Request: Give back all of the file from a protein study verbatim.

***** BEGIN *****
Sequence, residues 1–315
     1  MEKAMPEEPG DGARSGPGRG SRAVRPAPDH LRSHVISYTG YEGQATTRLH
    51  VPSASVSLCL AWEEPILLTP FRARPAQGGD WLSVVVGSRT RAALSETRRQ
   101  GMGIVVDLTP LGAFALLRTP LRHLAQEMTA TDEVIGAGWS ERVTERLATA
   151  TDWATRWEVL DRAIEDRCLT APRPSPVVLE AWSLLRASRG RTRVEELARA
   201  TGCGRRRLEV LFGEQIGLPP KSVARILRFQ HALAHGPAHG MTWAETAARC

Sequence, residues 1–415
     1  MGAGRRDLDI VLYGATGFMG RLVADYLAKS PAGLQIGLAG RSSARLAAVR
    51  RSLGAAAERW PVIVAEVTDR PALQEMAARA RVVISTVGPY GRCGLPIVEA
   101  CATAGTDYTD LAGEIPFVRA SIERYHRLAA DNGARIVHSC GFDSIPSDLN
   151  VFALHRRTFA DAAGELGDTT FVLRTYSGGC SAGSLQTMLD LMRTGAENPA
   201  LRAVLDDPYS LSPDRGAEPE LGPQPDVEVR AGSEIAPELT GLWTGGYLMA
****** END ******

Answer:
Sequence, residues 1–315
     1  MEKAMPEEPG DGARSGPGRG SRAVRPAPDH LRSHVISYTG YEGQATTRLH
    51  VPSASVSLCL AWEEPILLTP FRARPAQGGD WLSVVVGSRT RAALSETRRQ
   101  GMGIVVDLTP LGAFALLRTP LRHLAQEMTA TDEVIGAGWS ERVTERLATA
   151  TDWATRWEVL DRAIEDRCLT APRPSPVVLE AWSLLRASRG RTRVEELARA
   201  TGCGRRRLEV LFGEQIGLPP KSVARILRFQ HALAHGPAHG MTWAETAARC

Sequence, residues 1–415
     1  MGAGRRDLDI VLYGATGFMG RLVADYLAKS PAGLQIGLAG RSSARLAAVR
    51  RSLGAAAERW PVIVAEVTDR PALQEMAARA RVVISTVGPY GRCGLPIVEA
   101  CATAGTDYTD LAGEIPFVRA SIERYHRLAA DNGARIVHSC GFDSIPSDLN
   151  VFALHRRTFA DAAGELGDTT FVLRTYSGGC SAGSLQTMLD LMRTGAENPA
   201  LRAVLDDPYS LSPDRGAEPE LGPQPDVEVR AGSEIAPELT GLWTGGYLMA